While we are still social distancing amid the Coronavirus pandemic, finding new ways to occupy our time seems to be becoming more and more difficult. It’s possible that you’ve been thinking about welcoming a furry friend into your family to help boost companionship during these lengthy days of social distancing. Or perhaps adopting a rescue pet is just what you need to make your house finally feel like a home. Whatever the reason, with all of the excitement of welcoming your new best friend home, it is easy to forget the essential step of making your home pet-friendly.
The way each rescue animal acts when introduced to a new home will vary, so it is impossible to ever be fully prepared when welcoming a rescue pet into your home. As a safety precaution, you should be sure to keep anything that could be harmful or poisonous in a secure place that’s out of reach to your new furry friend. Also, remove any of your belongings that could be damaged or broken by your rescue pet. To make a smoother transition for them, follow the additional precautions below:
Make sure trash cans are covered and secure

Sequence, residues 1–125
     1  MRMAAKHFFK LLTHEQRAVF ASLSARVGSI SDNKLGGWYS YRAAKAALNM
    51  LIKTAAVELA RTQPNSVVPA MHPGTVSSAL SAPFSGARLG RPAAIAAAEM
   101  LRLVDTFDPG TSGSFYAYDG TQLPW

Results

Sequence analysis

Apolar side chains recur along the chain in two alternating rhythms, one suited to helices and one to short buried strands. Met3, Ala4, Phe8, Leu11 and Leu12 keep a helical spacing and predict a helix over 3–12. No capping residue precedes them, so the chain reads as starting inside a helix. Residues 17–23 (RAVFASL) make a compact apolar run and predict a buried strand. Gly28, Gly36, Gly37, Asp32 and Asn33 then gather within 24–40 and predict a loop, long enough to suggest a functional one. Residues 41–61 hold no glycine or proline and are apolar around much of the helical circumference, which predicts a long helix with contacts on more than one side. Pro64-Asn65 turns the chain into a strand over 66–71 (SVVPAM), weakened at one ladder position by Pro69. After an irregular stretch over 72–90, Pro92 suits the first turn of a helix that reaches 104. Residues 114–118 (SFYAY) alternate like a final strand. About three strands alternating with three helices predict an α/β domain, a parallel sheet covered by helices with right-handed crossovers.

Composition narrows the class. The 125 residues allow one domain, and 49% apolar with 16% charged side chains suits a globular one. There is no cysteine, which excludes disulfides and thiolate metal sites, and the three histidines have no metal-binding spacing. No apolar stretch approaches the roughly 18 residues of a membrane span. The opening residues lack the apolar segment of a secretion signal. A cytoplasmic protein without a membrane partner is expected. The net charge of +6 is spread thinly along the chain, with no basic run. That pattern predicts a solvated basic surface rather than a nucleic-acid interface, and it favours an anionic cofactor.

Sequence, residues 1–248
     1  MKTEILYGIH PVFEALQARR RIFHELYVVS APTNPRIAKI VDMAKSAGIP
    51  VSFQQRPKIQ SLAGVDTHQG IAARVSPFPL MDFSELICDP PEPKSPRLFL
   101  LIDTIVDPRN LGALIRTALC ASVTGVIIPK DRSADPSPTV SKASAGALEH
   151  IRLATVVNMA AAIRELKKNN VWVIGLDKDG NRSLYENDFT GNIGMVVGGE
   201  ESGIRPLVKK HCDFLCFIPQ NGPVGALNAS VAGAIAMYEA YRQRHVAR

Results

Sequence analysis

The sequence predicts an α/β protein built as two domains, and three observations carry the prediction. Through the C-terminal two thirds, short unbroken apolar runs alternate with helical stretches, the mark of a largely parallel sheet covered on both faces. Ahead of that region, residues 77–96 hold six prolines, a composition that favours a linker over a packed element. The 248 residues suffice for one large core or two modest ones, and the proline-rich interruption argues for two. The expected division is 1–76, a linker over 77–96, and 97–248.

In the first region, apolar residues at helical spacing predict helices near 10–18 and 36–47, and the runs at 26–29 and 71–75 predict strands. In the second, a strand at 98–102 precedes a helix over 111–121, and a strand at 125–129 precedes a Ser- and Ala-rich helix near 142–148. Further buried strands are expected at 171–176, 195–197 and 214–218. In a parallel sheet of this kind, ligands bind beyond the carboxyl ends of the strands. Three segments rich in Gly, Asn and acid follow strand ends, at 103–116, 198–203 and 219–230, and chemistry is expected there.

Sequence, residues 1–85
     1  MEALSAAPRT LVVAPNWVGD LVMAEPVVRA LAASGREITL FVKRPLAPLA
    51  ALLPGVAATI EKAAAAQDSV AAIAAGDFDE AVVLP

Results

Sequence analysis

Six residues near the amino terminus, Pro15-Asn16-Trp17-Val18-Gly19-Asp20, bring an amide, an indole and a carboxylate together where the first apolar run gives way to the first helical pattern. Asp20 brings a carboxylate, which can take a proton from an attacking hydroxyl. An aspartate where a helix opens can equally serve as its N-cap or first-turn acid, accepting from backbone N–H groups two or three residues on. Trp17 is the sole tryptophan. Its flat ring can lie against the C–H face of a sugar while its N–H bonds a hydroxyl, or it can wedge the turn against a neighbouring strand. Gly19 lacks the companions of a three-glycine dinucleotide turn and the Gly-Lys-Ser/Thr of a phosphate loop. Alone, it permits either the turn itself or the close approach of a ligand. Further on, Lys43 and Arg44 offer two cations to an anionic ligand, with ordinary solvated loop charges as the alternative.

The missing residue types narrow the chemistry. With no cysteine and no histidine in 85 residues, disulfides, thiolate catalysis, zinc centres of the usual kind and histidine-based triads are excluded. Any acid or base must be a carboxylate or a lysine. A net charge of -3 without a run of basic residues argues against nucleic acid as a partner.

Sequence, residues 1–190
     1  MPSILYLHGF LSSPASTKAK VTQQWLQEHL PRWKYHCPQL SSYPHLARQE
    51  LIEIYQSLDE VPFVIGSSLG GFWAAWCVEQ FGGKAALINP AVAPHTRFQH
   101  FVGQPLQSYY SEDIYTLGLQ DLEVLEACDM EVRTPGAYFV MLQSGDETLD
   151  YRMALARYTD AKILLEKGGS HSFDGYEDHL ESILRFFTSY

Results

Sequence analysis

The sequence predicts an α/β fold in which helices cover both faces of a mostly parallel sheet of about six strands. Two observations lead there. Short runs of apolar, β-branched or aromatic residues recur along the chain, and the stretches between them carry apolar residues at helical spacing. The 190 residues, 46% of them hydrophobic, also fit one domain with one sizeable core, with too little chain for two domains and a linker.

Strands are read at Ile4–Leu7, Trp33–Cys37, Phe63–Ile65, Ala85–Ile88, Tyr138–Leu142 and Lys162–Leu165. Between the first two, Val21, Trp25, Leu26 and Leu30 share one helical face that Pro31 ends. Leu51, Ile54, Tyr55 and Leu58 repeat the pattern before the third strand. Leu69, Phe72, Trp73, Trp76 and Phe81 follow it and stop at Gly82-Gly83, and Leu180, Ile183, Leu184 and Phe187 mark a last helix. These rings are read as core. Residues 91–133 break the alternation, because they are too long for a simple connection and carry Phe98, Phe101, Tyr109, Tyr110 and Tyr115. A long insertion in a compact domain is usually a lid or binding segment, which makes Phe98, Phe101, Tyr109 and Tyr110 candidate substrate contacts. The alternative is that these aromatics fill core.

Remove or lock away poisonous plants and household cleaners
Install pet gates if there are rooms you don’t want them exploring yet
Tape down or cover exposed cords
Make sure the toilet seat stays closed
Put away items that are choking hazards or that you don’t want them to play with
Move fragile items, such as vases and picture frames, out of their reach
Screen off fireplaces and wood stoves
Block off furniture with wood accents, upholstery, or that can be easily damaged, with a temporary barrier
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Designate a safe area for your new pet
Your pet should have a safe/private area, so before you bring your furry friend home, make sure you have a designated space for him or her. Baby gates, pet gates, and closed doors are all great ways to keep them contained to the area you want them. This helps your rescue animal become familiar with your home at a slow pace, as taking in too many sights and smells at once can become overwhelming. Make sure to remove any items that your rescue pet could get into or eat. If possible, you should choose an area with easy-to-clean floors that is near where the most activity occurs so your new family member does not feel isolated. Having a designated space for them will help make your new pet feel safe and secure in its new home.
Make sure the locks on your doors and windows are working properly
It is important to make sure that windows and doors are secure and that the locks won’t budge, as some pets are able to open windows and doors themselves. This is especially important if the rescue pet you’re welcoming into your home has the ability to climb or leap onto windowsills. If you like to keep your windows and doors open for air circulation, the best thing you can do is purchase pet-proof screens. These will eliminate any tears or holes from clawing, chewing, and scratching at the screen, and in the long run keep your pet inside, safe and sound!
Purchase pet supplies and toys